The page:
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Insect damage to oaksAuthor(s): Charles O. Rexrode
Source: In: Oak Symposium Proceedings. 1971 August 16-20; U.S. Department of Agriculture, Forest Service, Northeastern Forest Experiment Station: Upper Darby, PA. 129-134.
Publication Series: Other
Station: Northern Research Station
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DescriptionIn terms of mortality caused by insects, defoliators are the most serious enemies of oaks at the present time. An oak leaf tier, Croesia semipurprana, is one of the principal defoliators of trees in the red oak group. Oak leaf rollers, primarily Archips semiferana, have been responsible for widespread mortality in white and chestnut oaks. Defoliation by the gypsy moth, Porthetria dispar, could become the major insect problem in the Appalachian Region and possibly throughout the Eastern United States. Economically, wood borers may be the most important at present.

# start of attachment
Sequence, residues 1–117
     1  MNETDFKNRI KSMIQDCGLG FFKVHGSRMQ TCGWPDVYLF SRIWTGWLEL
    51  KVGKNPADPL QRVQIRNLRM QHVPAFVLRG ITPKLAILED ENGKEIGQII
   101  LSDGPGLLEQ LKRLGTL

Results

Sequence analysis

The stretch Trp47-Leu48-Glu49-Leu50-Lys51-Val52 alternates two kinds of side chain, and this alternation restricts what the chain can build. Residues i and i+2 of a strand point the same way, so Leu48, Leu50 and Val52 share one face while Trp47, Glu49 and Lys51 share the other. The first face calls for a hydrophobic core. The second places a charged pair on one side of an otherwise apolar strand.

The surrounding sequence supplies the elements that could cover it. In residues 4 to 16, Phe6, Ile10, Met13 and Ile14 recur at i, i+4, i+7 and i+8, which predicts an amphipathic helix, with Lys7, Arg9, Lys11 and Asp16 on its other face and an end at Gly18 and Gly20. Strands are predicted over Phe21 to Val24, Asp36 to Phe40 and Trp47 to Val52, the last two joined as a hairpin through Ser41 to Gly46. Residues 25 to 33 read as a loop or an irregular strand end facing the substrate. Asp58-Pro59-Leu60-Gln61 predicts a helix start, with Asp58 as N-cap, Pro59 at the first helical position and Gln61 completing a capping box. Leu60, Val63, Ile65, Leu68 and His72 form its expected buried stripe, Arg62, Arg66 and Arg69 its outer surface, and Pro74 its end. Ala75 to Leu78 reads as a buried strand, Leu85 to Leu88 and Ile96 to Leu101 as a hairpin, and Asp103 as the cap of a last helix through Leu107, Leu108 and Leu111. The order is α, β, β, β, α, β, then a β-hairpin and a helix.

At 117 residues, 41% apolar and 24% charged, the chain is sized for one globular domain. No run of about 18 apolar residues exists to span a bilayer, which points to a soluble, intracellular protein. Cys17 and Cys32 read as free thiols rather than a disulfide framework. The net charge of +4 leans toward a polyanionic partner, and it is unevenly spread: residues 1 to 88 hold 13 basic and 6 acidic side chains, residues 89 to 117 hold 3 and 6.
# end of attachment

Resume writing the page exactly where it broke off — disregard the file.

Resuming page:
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CitationRexrode, Charles O. 1971. Insect damage to oaks. In: Oak Symposium Proceedings. 1971 August 16-20; U.S. Department of Agriculture, Forest Service, Northeastern Forest Experiment Station: Upper Darby, PA. 129-134.
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